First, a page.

Early in the book it's mentioned that Mark left her a wealthy woman - this is another of the criticisms; that she's rich so it's not reality. First, they were wealthy to start with, and rich people die, too.  Plus he had made sure everything was in place, just in case - as is stated in the book.

Although really just a passing comment, this is the biggest lesson I see to the general readership of the book.  Mark had made sure that his family would be secure.  Mr Trifectagirl and I had not gotten around to getting things in place even though we'd planned to, but our superannuation system meant I've at least been left with a secure roof over J and I's head.   I've encountered a number of widows both on and off line that are not so secure. There was no insurance, or no ability to get insurance, or limited superannuation. They have no choice but to work, and/or they loose their homes when they're still in the depths of grief.  Making sure both partners are adequately insured to keep the family secure is a great lesson from the book.

The upshot is there were moments that cut close to the bone, but it was an overall enjoyable, easy chick-lit read giving an insight into the widow experience through the lens of Bridget Jones.

*in checking, no Helen Fielding has not experienced widowhood. She's obviously done some good research in writing this book. 

Tuesday, 8 October 2013


My mum and step-father used to make their own laundry detergent, known in the family as 'gloop'.

After the large supply of commercial powder that Mr Trifectagirl was finished some 12 months after he got sick - he'd bought a lot - I started making gloop again as a budget measure.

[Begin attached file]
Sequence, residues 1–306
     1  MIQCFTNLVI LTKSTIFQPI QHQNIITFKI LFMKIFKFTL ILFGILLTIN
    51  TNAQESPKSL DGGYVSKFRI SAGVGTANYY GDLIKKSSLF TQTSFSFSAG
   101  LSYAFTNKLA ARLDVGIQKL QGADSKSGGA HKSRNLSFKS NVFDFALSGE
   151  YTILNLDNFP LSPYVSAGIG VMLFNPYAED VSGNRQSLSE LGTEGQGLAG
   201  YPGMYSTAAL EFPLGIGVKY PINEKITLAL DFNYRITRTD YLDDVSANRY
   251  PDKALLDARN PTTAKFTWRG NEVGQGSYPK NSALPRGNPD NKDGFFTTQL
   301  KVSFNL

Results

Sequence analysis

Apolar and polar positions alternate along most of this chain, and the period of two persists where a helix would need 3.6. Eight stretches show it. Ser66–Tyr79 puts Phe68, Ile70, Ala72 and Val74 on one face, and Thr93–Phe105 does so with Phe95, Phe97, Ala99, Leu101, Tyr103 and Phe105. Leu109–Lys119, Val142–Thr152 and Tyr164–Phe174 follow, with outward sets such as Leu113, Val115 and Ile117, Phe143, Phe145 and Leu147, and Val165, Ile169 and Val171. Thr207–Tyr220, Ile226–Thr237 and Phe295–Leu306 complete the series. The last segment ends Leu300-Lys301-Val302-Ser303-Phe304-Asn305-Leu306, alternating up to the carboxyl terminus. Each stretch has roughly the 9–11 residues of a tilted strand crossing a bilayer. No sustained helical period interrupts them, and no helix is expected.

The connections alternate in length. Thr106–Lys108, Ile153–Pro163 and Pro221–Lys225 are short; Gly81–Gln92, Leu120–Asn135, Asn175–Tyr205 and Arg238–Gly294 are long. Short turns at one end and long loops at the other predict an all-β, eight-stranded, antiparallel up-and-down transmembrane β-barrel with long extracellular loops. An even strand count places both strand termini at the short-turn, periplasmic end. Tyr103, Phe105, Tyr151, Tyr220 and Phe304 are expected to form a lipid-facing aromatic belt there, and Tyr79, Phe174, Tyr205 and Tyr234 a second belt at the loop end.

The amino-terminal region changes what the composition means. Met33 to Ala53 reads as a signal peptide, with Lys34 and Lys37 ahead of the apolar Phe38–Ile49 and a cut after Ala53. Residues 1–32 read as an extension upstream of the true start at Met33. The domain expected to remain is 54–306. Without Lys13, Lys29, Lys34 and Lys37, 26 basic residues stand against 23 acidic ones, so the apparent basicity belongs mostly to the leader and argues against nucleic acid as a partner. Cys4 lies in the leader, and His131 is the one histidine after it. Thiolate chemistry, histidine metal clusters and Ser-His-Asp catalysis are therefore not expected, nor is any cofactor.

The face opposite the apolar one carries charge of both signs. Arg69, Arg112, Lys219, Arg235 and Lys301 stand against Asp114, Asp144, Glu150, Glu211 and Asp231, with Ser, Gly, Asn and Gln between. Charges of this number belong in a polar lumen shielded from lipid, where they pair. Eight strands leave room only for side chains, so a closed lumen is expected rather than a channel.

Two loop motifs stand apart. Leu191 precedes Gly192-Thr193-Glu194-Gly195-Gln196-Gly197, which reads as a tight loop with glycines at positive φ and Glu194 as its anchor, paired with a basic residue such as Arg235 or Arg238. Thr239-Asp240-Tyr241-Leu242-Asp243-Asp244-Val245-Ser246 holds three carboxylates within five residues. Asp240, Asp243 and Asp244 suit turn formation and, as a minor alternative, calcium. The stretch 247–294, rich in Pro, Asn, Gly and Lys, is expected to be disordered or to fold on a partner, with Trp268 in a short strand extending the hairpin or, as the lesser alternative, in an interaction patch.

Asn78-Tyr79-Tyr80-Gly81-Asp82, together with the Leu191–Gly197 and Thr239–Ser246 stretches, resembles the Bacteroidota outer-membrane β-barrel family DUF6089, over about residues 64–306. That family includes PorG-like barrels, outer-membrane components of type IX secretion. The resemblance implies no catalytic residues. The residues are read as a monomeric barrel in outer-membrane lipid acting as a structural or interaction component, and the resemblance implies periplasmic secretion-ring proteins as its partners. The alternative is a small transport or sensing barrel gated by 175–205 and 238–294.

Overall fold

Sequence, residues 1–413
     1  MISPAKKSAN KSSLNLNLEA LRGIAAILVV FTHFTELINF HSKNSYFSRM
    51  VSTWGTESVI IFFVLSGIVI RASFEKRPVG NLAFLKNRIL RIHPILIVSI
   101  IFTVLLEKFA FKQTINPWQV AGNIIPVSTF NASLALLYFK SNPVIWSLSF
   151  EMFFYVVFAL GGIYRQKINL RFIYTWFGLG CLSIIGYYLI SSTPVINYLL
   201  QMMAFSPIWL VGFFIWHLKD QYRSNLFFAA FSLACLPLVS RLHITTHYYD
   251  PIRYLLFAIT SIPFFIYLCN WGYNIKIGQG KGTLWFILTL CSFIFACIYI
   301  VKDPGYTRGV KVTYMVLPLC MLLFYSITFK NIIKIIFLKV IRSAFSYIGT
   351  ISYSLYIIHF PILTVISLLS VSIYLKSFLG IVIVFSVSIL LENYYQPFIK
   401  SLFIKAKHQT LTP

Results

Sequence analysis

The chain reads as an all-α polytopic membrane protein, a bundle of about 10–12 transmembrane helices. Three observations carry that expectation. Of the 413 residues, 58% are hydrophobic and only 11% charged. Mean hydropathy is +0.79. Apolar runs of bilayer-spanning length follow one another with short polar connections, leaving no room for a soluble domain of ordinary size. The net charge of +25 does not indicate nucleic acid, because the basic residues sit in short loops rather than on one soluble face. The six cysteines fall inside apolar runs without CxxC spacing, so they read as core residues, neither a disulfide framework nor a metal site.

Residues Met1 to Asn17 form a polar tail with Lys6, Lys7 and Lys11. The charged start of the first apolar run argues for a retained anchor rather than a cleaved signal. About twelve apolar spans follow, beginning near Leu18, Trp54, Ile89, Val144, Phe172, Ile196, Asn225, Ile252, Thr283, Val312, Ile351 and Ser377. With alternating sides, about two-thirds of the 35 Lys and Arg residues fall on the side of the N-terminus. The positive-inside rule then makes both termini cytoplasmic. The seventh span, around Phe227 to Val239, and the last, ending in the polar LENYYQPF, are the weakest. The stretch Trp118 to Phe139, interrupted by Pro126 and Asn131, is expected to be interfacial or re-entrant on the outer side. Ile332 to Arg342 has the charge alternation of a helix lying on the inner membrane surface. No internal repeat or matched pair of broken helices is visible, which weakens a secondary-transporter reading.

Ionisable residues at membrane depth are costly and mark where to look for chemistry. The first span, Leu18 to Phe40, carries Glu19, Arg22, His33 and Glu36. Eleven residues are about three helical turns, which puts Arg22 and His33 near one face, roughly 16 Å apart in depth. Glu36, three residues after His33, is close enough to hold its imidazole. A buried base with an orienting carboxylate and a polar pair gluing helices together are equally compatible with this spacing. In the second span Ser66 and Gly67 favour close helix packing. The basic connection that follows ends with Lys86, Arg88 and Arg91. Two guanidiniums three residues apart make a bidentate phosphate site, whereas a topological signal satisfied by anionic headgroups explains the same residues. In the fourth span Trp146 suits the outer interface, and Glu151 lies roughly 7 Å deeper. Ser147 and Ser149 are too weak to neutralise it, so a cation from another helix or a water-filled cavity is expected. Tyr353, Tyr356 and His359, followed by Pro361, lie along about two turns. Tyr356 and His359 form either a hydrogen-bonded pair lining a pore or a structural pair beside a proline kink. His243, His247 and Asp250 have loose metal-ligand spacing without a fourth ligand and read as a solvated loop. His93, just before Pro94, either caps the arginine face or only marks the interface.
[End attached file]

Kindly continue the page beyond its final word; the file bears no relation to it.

1 cake of pure soap
1 cup washing soda
1 tsp eucalyptus oil

20 or 10 litre plastic container, old cheese grater, old saucepan (4 litre a good idea)

Time to make: about one cycle of my washing machine - probably about half an hour, but I really haven't watched the clock.

Heat 2 litres of water in the saucepan.

While the water is heating, grate the soap (this is a PITA job - I can't wait until J is old enough to help).

Add the grated soap to the saucepan and bring to the boil - watch it as this has the ability to over boil like milk.  I upgraded to a large stock pan that I found at a second-hand store for this batch after getting jack of cleaning over flows up, and I still had a mess to clean up.

I usually add the extra water to my bucket at this time (see quantity below).

Add the soda and stir until melted.  Forewarning - the soda will cause a reaction that could result in an over-flow if your pan is too small (my old over flow problem).

Pour the mix into your plastic container, and add the eucalyptus oil, and stir to mix.

For a 20 litre container, add 9 litres of hot water and 8 litres of cold water - this results in a claggy mix and use 2-4 cups per load.

I use a 10 litre container and add 3.5 litres of hot water and 4 litres of cold water.  This mix sets pretty solid and I use about 2 cups per load. 

I find this mix lasts a month or so, and at a rough, back of the envelop calculation costs $2 per bucket to make using higher quality ingredients.

 And the best thing about the new pot - all my bits and bobs for making gloop fit in it.  I can put on the lid and put it away until next time.

I've included this post in the Homemade Mondays link party over at Frugal by Choice, Cheap by Necessity.